Reflecting the very favorable location of the vines, the wines of Uchizy are a dazzling pale gold color. They are very expressive, the nose initially opening with ripe orchard fruits like apple, pear, and peach, and white springtime blossom like lily of the valley and acacia. A few notes of acidic candy can often be detected in younger vintages, contributing to its agreeable aromatic character. Its fleshy texture offers some very pleasant, fresh length.
An additional geographical denomination that is part of the Régionale Mâcon appellation in the Mâconnais.
According to the 2005 specifications rules, the name Mâcon-Uchizy refers to white wines grown within a defined area in the village of Uchizy.
Looking down over the foothills of the valley of the Saône, the vines of Mâcon-Uchizy grow on the most eastern of the Monts du Mâconnais range. The Mâcon-Chardonnay AOC can be found on the western side.
Its proximity to the waterway that runs alongside the road that was laid down in 27BC by Agrippa, son-in-law of the first Roman emperor Augustus, was a key historical factor in the early settlement of the village of Uchizy, at the foot of the slope.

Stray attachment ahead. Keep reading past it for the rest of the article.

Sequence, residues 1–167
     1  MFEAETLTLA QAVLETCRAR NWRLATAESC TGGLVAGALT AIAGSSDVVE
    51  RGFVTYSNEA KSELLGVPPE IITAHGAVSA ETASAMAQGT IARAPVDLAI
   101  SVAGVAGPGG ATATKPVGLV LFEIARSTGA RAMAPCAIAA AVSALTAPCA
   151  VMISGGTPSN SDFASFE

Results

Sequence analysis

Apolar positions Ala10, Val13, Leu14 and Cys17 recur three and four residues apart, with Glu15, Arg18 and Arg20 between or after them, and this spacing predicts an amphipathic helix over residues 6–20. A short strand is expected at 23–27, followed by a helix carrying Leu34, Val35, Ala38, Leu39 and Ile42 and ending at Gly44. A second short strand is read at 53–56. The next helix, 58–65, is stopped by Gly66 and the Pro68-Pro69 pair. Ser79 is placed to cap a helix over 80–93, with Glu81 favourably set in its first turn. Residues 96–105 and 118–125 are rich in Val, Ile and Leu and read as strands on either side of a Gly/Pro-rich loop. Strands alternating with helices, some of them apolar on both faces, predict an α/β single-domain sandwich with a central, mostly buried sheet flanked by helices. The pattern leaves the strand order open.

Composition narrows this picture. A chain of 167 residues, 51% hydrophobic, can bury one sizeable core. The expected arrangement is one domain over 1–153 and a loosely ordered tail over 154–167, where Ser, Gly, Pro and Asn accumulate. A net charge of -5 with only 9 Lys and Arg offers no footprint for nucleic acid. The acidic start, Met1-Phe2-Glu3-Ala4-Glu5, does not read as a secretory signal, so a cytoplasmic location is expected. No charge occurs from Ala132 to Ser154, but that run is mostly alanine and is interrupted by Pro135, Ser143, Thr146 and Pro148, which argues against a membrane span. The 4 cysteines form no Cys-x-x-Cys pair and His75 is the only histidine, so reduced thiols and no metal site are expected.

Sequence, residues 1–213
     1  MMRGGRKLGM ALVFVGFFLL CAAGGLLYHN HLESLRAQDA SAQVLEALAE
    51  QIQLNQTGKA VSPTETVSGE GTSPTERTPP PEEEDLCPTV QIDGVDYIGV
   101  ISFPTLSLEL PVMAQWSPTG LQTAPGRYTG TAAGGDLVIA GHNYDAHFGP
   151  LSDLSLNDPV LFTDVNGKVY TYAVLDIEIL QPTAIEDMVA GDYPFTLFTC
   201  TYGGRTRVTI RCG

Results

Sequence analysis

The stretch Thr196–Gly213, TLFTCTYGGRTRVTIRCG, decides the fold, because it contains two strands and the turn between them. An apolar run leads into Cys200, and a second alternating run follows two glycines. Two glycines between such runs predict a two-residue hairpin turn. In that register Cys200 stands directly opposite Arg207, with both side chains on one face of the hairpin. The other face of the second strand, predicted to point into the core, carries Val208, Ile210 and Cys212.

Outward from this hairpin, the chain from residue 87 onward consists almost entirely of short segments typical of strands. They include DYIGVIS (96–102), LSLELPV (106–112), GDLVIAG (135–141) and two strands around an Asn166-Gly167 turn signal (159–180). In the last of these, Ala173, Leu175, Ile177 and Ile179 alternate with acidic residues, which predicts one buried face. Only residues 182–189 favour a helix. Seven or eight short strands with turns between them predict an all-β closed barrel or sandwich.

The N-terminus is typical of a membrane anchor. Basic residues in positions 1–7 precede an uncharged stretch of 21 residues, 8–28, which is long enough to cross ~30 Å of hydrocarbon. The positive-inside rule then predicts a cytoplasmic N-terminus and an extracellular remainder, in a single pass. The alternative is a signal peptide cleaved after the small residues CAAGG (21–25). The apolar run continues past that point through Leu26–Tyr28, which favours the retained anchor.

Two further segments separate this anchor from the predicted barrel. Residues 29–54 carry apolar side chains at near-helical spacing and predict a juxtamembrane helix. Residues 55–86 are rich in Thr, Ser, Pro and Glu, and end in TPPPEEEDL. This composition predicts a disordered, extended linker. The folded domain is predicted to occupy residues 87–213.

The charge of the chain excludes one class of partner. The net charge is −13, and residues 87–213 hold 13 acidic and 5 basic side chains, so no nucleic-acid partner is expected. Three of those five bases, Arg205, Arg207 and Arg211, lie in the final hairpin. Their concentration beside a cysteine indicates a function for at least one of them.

Like that of Montbellet, the vines of Uchizy enjoy the influence of the contrasting continental climate of the Saône river corridor, with mist and cool winds in winter, and high temperatures in summer. Benefitting from the rising sun, the vines are mainly planted on slopes at between 240 and 300 meters above sea level.
To the south of the valley of the Chardonnay river on the plots of La Belouze and En Monthioux, the terroir of Uchizy has a substrate alternating beds of “caille” limestone that cracks when exposed to fire, and deep marl from the Middle and Upper Jurassic, dating back some 155 million years. To the north, the top of the slope at Les Maranches has the same configuration, followed by much more carbonate terrain from the Bathonian, dating back some 167 million years, with layers of white oolite and crinoidal limestone, bearing witness to the sedimentation phases of a shallow sea, notably at Les Condemines. Then near the village, the vines grow on gentle slopes of clay and limestone pebbles formed by the erosion of the hillside, a formation already seen with Mâcon-Montbellet.